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Chris Pine

Blu-ray: Wonder Woman

Wonder Woman (2017) is, if you’ll pardon such an obvious comment, a wonder of a superhero movie, a film that doesn’t transcend the genre but most certainly sets a high bar, especially next to the ponderous, humorless films of the new big screen universe of interconnected DC Comics heroes.

Warner Home Entertainment

Gal Gadot debuted as Amazon princess warrior Wonder Woman in the turgid Batman v Superman: Dawn of Justice and brightened the film immediately. The spirit we glimpsed there carries this origin story, which sends us back to the 1910s and the hidden island paradise of the Amazons inadvertently invaded when American pilot Steve Trevor (an earnest yet spirited Chris Pine) flies past the invisibility field and crash lands on the beach, the first man ever to set foot on the island. Diana is intrigued to say the least but more compelled by news of a world at war and, after the inevitable assault by German forces after Trevor, is convinced of her purpose: stopping the god Ares from destroying all of mankind through warfare. She leaves the island against the wishes her mother (Connie Nielsen, commanding and regal). Steve’s not so convinced of that stuff about ancient gods and eternal Amazons but he has no doubt as to her abilities as a warrior or her commitment to justice and he knows a valuable ally when he meets one.

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Film Review: ‘Into the Woods’

James Corden and Meryl Streep

The crucial masterstroke of Into the Woods is that the fairy-tale happy ending comes halfway through the action. What exactly becomes of Cinderella after she settles in with her Prince? Does Jack miss the adventure of climbing up the beanstalk? Does Little Red Riding Hood ever dream about the Wolf? Such questions fuel the wickedly amusing 1987 Broadway musical, with songs by Stephen Sondheim and book by James Lapine.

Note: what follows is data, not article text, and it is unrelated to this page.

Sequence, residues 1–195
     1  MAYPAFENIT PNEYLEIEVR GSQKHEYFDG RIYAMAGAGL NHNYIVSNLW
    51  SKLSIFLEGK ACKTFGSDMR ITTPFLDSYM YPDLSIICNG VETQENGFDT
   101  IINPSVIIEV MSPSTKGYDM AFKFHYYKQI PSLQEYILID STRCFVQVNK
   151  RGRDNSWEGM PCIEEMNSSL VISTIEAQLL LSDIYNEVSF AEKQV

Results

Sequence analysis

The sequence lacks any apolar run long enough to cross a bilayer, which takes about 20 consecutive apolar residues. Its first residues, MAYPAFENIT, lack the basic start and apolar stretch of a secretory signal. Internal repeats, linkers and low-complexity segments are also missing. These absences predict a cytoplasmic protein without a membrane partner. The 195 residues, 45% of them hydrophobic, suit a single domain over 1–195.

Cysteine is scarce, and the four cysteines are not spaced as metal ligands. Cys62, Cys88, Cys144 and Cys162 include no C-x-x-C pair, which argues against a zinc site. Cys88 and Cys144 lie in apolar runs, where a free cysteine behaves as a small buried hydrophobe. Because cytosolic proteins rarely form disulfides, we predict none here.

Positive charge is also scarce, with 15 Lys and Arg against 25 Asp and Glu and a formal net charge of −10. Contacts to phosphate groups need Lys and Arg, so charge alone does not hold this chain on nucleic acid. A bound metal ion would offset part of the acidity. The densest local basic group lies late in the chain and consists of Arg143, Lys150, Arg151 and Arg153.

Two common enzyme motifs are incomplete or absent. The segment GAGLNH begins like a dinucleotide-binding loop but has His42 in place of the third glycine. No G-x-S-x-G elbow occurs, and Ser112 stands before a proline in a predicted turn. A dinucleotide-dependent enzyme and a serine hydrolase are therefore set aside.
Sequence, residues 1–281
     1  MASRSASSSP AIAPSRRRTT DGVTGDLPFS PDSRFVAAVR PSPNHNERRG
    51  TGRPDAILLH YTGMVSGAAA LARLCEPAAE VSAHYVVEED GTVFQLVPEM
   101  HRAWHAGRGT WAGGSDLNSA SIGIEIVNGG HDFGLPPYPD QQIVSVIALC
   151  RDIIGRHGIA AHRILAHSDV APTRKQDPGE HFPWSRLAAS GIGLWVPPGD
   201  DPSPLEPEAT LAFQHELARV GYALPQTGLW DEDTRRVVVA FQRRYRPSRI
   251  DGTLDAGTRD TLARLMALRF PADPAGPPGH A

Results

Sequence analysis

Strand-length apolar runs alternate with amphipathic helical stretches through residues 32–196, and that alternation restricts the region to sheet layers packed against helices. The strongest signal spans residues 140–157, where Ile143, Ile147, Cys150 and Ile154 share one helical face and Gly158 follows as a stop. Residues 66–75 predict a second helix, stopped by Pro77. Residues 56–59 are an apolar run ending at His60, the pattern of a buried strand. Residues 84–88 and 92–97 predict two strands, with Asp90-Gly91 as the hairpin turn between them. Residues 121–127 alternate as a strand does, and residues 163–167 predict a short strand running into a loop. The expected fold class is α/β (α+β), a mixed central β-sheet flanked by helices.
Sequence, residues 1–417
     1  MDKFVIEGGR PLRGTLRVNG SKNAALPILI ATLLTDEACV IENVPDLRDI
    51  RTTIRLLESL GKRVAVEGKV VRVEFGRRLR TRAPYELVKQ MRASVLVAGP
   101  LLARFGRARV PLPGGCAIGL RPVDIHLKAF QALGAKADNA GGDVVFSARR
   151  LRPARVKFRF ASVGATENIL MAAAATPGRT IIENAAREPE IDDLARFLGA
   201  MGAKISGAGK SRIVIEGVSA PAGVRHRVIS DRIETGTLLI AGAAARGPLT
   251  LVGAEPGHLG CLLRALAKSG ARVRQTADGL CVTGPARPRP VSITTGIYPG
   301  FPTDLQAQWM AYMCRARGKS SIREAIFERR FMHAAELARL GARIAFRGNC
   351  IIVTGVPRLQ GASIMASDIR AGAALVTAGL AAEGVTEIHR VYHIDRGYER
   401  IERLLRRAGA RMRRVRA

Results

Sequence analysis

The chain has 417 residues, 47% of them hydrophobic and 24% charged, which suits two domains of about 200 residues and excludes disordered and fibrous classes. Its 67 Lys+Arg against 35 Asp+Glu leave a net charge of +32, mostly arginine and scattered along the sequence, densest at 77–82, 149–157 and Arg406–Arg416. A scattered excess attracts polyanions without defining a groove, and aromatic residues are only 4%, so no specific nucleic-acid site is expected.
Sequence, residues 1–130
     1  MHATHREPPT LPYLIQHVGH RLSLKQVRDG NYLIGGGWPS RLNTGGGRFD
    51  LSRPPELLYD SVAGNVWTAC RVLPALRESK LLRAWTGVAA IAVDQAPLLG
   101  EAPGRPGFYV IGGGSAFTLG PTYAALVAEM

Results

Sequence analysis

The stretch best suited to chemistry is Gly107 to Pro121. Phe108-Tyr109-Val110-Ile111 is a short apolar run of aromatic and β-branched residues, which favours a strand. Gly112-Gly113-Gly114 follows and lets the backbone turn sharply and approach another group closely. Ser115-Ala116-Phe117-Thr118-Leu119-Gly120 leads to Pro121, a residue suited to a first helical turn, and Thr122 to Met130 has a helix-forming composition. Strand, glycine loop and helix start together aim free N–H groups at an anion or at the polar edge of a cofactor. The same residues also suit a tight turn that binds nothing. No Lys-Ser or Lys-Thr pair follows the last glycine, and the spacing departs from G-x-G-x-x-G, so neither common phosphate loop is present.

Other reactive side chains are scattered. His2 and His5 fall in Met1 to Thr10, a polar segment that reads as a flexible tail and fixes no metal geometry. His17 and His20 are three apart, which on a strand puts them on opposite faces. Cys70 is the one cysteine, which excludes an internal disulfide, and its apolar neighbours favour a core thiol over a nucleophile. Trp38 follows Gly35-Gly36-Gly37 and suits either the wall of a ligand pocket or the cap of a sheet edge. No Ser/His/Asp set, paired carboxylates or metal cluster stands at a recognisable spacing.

Cue the irony, then, that Sondheim’s sly modern classic has been taken up by Disney, history’s busiest purveyors of the happy ending. Sondheim and Lapine were both involved in the film, and if many things have been cut or altered, a bit of a subversive message still peeks through (and some key characters die along the way). Into the Woods presents a crowded roster, with Meryl Streep earning top billing as the Witch, the blue-haired crank who sets things in motion. Streep’s opening scene is pretty glorious, as the actress stalks around the Baker’s shop, spitting out the backstory and laying down a curse.

Continue reading at Seattle Weekly

Film Review: ‘Horrible Bosses 2’

Jason Bateman

Maybe the bar wasn’t set especially high, but let’s not dampen the rare, humble pleasure of declaring that a sequel is better than the original. Horrible Bosses 2 is looser and funnier than its 2011 predecessor; and if its R-rated comedy misses as often as it hits, at least the timing is there. The first film’s trio of losers—played by Jason Bateman, Jason Sudeikis, and Charlie Day—is now trying to go the self-employment route by creating a new bathing gadget. But their idiotic invention, the “Shower Buddy,” brings them into partnership with a corporate shark (Christoph Waltz) and his conniving son (a manic Chris Pine, from Star Trek). When the boys get screwed over, their response is to kidnap the son and hold him for ransom.

Continue reading at Seattle Weekly